We are doing great now, but this whole experience has had a lasting impact. Firstly, I feel cheated for not having the type of birth I envisioned. I am so envious of those whose first memories of their baby are pleasant ones. I can hardly read those happy birth stories. I know many other women have also had difficult births but it doesn’t change the fact that I’m bitter.

Secondly, I am terrified at the thought of giving birth again. This fear is affecting my decision whether or not to have another child. Big Papa says it’s a huge factor for him as well. I feel so badly for him for all he went through.


Writing this wasn’t as hard as I thought it would be. I’ve wanted to write it for a long time, but was afraid it would be too painful. It wasn’t that bad. I even had trouble remembering some of the details.

Findley also says, “memory is a form of hope. If the memory is a bad one, say of pain or of a death—then it’s clouded. The sharpness is blunted. We remember that we were in pain. But the pain itself cannot be recalled exactly. Not as it was. Because, if we could recall it, then we’d have to be in pain again—and that, except where there’s psychological disorder, is a physical and mental impossibility. If you’ve ever had a bad accident, then you’ll remember that you can’t remember what happened. But you can recall joy. You can make yourself laugh again and feel again something joyous that happened before. Of course, you can make yourself cry again, too. But the tears aren’t as valid as the laughter, because the tears you conjure have as much to do with the passage of time as with the sadness you remember. Still, a sad memory is better than none. It reminds you of survival”.

A wise man.


Saturday, July 01, 2006

What a Difference a Year Makes

The long weekend has been rather delightful thus far. I can’t describe how nice it is to actually enjoy this summer, compared to the previous summer when it seemed like we were just barely getting by. A year ago, Cakes was colicky and we spent at least an hour a night singing “Burning Ring of Fire” to calm her. One year ago, it was stinking hot and we were stuck in our one-bedroom apartment waiting for a house we thought would never be built. A year ago, sleep was just a fond memory, I had only one pair of shorts that fit, and I spent hours per day hooked up to an electric breast pump, like a cow.

Exactly one year ago today, I was in the hospital receiving a blood transfusion after a six-week post-partum hemorrhage. It was the most terrifying experience of my life. But that’s a post for another day.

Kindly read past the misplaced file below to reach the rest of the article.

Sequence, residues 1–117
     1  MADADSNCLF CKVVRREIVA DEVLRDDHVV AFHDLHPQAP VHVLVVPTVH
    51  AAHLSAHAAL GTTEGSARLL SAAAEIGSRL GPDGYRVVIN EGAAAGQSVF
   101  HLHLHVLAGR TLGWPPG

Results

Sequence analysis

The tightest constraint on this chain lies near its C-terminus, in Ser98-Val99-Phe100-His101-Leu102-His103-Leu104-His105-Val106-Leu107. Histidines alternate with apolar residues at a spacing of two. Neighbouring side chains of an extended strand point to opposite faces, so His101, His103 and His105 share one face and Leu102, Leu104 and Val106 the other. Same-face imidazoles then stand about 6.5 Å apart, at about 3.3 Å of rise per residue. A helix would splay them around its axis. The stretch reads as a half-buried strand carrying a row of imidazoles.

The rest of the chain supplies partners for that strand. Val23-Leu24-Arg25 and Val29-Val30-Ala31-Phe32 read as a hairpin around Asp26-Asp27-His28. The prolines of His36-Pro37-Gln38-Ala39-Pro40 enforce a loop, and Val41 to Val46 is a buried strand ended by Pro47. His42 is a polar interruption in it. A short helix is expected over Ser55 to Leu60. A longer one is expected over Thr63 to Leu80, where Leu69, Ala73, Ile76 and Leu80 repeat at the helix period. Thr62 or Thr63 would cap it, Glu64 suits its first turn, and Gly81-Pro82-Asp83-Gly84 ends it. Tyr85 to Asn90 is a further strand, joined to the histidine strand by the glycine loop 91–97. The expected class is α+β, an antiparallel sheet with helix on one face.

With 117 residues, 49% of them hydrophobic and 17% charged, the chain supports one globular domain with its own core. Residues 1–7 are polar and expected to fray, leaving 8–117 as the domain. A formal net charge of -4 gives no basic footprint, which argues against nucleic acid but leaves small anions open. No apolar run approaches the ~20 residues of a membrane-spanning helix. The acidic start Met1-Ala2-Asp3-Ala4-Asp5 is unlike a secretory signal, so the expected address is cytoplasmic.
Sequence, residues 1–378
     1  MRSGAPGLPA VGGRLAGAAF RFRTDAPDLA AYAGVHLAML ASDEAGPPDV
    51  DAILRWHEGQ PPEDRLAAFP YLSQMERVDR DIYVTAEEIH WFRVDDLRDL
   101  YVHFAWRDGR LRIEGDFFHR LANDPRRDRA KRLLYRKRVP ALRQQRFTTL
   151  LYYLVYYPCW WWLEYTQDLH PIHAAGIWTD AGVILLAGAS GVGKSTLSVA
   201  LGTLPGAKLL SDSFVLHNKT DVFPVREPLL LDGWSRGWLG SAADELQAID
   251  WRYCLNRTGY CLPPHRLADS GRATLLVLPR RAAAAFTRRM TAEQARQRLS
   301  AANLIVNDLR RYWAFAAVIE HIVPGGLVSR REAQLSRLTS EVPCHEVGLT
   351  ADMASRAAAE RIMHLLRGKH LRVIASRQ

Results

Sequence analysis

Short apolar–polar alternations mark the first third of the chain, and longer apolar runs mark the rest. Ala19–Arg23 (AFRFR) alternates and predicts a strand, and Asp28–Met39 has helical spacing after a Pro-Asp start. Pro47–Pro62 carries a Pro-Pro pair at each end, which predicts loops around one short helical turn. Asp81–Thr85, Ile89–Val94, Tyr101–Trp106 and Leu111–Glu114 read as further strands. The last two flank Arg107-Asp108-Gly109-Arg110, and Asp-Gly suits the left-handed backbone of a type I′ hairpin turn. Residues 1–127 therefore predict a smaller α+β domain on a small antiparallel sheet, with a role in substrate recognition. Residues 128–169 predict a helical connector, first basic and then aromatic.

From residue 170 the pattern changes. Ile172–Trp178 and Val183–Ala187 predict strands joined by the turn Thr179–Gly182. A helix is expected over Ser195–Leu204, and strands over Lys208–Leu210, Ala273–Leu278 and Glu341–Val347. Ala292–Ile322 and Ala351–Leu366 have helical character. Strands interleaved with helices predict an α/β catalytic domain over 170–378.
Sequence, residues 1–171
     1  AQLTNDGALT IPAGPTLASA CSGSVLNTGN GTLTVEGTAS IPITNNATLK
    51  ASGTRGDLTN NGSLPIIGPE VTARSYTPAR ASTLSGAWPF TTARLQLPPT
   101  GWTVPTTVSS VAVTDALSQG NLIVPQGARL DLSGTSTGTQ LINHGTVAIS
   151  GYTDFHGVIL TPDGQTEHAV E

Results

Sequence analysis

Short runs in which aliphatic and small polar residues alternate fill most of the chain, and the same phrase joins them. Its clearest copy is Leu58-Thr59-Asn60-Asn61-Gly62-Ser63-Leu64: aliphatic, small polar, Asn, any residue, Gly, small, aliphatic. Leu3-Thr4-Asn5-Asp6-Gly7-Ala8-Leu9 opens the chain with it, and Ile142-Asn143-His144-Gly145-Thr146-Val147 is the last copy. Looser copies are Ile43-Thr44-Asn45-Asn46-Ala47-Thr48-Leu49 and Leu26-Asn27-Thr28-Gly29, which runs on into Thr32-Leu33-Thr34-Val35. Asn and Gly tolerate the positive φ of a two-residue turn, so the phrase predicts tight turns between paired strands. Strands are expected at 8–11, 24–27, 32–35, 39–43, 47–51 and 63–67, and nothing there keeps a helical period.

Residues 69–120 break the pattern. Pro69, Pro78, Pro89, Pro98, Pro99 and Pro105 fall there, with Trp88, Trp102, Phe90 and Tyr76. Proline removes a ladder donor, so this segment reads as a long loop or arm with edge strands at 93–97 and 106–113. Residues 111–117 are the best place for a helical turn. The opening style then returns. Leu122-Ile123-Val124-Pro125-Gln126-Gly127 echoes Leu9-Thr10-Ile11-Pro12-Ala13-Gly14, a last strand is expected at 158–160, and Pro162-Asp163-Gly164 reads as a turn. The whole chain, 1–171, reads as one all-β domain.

Yesterday, I joined the Toronto mamas for an afternoon play date. Of course, on a day when I desperately want Cakes to have a good nap so she will be her most charming self, she sleeps for only 20 minutes.

The ladies were all as lovely and articulate in person as they appear in the blogsphere. I was having a good time, but unfortunately, Cakes was bouncing off the walls. After she stole all of WonderBaby’s biscuits and then pushed her over I, mortified, thought it was best to say adieu.

When we returned home, we went for a BBQ with two couples across the street. One couple has an 11-month-old boy they achieved via in-vitro, and the other just brought home a little girl from China (the same age as Cakes). Makes me very thankful we were able to make Cakes the old-fashioned way. We brought some tabouleh Big Papa had whipped up and they grilled Tandoori chicken and asparagus. They brought out exersaucers and jumpers and we let the little ones go nuts on the grass. Cakes lasted well through dinner but soon after, we could tell a meltdown was imminent so we dashed before dessert.

Cakes passed out five minutes after we got in the door, so I didn’t feel bad deserting Big Papa to hook up with the blogging gals again for drinks. It was much more relaxing without the babe. Conversation flowed easily and we discovered a shared penchant for gin and tonics (hooray!).

I actually went to high school with Sunshine Scribe! I’m a little embarrassed as I was a loser in high school. But, as we all know, people change, and I don’t think she held it against me.

I look forward to seeing these ladies again.

Big Papa’s working today. Cakes and I spent most of the day at the park. They have the wading pools open now and we tried it for the first time. She loved it! Lots of her friends were around too, and we had a very pleasant day.

Tonight I went next door for wine and dessert. It appears so far, the big fence isn’t a barrier to our newfound friendship.

Wow, it is nice to be among the living again.


Today the Toronto Star selected the "best of Canadian culture". Find the full article here. Let me know your thoughts on these, particularly the books.

I'm glad to see Atwood and Munro on this list. Lives of Girls and Women isn't my favorite Munro--I would have rather seen For the Love of a Good Woman (what do they have against short stories?) By the same token, where is Carol Shields?

I'm very happy to see Green Grass, Running Water on the list. If you haven't read this, you simply must.

Anyone particularly happy with a pick? Any glaring ommissions?